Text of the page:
"The people of the Mediterranean began to emerge from barbarism when they began to cultivate the olive and the vine." Thucydides, ancient Greek historian (born between 460 & 455 BC, died 395 BC).
The Bottle, the Cork, and the Corkscrew
Winery Insight Featured Article - December 2004 by Timothy O. Rice
Tradition and wine go hand in hand.
Perhaps the most impressive and memorable of those traditions is the opening of the bottle. The ceremony was always there in the mind, whether from family occasions, scenes from old movies, or passages in books half-remembered. Always there was the bottle, the cork, and the corkscrew. But where did that tradition come from?
There was a time when the state-of-the-art in wine containers was a clay jar. We would say it was strange in shape. The bottom, researchers say, was never flat, it had a wide lower part and a narrow neck. The Romans called them amphora. Because they had a pointed bottom, they had a stand to hold them upright. Properly sealed, they could keep wine a good, long time without spoiling and could be used to transport wine long distances by sea. These amphorae were usually sealed with wax or resin. Opening one involved scraping the top off. No way to easily reseal the contents, so people tended to drink it soon after opening.
That was all a major improvement over what went before. A bustling wine trade developed around the Mediterranean Sea. Taverns stocked wine from far-off places. The rich stored amphorae away for when they threw parties and had friends to visit. I suppose there was some tool favored above the others for the opening of the vessel, just as there is today, and that good establishments had a servant or steward who knew his wine to care for the stock.
But times change. Rome fell, the Dark Ages came, the barbarians ravaged the civilized world, the Black Plague slaughtered millions. Somewhere amidst all this, the use of amphora to store wine faded away. Perhaps it simply became too expensive, perhaps the skilled workers who made them died off and were not replaced. It might be that the marauding Vandals, Huns, and Goths made it too dangerous to continue trade routes in such items. Whatever the reason, the Dark Ages of world history also reflect a dark age in the tale of wine.
Wine in those days was stored in bottles or animal skins. The seals were poor and the quality of the container varying. You could ship wine about the civilized world of Europe, but it usually would not be much good when the wine arrived. The thriving trade in wine crumpled up. Wine was usually consumed locally and not too long after it was made. This may not have seemed like a big hardship to those alive at the time. After all, most people never traveled more than a day's journey from where they were born. Pirates, Vikings, robbers, and wars discouraged tourism.
Somewhere along the line, the art of bottle-making improved. People began to notice the wine tasted better if you stored it in bottles. Sometime in the 1600s, glass bottle production techniques improved noticeably and those who liked wine began to pay even more attention. In England, particularly, the demand led to better and better bottles.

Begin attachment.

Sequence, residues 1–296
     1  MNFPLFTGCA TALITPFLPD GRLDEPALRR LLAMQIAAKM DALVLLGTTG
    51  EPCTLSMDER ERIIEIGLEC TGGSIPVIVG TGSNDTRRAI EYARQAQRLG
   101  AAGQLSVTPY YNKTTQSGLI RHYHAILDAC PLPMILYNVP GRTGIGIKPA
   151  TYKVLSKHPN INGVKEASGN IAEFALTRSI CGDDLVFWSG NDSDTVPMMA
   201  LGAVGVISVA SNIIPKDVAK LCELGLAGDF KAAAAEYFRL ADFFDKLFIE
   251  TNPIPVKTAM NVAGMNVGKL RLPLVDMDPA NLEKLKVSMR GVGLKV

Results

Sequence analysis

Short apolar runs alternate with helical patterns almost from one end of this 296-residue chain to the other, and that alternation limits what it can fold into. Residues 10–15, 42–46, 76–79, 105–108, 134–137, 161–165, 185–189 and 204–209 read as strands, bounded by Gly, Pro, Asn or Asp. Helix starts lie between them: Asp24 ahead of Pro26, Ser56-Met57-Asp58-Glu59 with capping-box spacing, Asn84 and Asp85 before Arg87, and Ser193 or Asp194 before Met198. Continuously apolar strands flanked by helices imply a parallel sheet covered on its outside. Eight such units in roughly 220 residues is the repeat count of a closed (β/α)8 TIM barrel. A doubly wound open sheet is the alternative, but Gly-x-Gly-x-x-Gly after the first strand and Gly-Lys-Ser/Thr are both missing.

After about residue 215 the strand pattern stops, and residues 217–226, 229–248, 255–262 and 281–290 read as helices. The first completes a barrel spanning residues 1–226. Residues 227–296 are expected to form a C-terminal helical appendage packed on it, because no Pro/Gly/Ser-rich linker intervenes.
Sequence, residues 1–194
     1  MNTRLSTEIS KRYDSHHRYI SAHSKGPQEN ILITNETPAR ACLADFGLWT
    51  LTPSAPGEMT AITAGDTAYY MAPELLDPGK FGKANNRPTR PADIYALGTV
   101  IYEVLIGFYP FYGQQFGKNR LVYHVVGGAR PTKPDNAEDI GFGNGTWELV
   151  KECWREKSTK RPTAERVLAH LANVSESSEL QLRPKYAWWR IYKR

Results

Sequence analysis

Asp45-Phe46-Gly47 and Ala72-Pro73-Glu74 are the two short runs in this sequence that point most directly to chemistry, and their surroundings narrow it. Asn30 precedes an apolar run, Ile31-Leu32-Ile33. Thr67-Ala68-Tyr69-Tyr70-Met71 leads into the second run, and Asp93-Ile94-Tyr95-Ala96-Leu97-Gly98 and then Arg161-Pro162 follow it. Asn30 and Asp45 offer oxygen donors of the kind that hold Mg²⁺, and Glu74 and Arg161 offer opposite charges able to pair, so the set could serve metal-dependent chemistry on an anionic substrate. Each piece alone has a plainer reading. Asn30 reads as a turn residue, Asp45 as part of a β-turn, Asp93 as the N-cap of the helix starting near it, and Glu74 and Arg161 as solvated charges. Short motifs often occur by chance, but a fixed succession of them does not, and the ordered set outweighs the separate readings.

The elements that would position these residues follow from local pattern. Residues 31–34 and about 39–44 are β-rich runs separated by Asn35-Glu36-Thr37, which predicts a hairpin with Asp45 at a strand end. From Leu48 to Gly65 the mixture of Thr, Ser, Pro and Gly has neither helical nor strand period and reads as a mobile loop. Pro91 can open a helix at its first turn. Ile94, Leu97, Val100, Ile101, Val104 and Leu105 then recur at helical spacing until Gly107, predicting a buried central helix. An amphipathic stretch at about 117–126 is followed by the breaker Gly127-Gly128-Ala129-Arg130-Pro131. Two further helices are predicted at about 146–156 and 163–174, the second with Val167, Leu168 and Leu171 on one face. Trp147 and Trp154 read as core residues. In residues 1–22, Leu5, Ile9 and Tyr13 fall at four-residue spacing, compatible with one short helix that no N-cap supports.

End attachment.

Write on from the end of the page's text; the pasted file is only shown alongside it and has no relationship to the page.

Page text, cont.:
Winemakers, seeing a way to make money if they could only preserve their wine better, began experimenting. Some began to use corks because of the ease of opening and resealing the bottle. Cork was easily available, easy to shape to the task and, best of all, cheap. With better bottles and corks, wine-drinkers began to discover the benefits of aging.
No one seems to know when the first corkscrew was invented. We do know the word "corkscrew" was in common usage in English by about 1720. It almost had to be done, because once all those winemakers started using corks, wine-drinkers discovered how tough it could be to get a cork out of a bottle. For the winemakers, the easier it was to get the cork out, the further they could drive it into the bottle, which made a better seal and preserved the wine. Once you have bottles, you need corks. Once you have corks, you need a corkscrew.
Now we are some 300 years down the road. The tradition of the bottle, the cork, and the corkscrew is engraved in the public consciousness, the art of pulling the cork almost a rite of passage into the society of wine-drinkers. Yet all that lore seems about to fade away again.
Today winemakers, aware that a small percentage of their wines spoil due to 2,4,6-trichloroanisole (TCA), are investigating new closures such as screw caps for their wines. (TCA is a naturally occurring compound in the bark used to make corks and sometimes leaches into and taints the taste of wine in the bottle, giving it a musty quality.) No one wants to lose part of their production this way, especially since it is usually detected by an unhappy customer. Some are investigating the possibility of doing away with the bottle all together, test-marketing other containers to see what the market will say.
If there is no bottle, who needs a cork? Without a cork, who needs a corkscrew? If your wine comes in a drink-box or an aluminum can, will you simply open it with a pull-tab or a can-opener?
When that happens, three centuries of tradition will fade into foggy memory and tales from grand-dad. But have no fear! Humans need tradition. Just like those ancestors of ours, the next generation of wine-drinkers will start a new tradition.
I wonder what it will be?
Last modified: August 07, 2007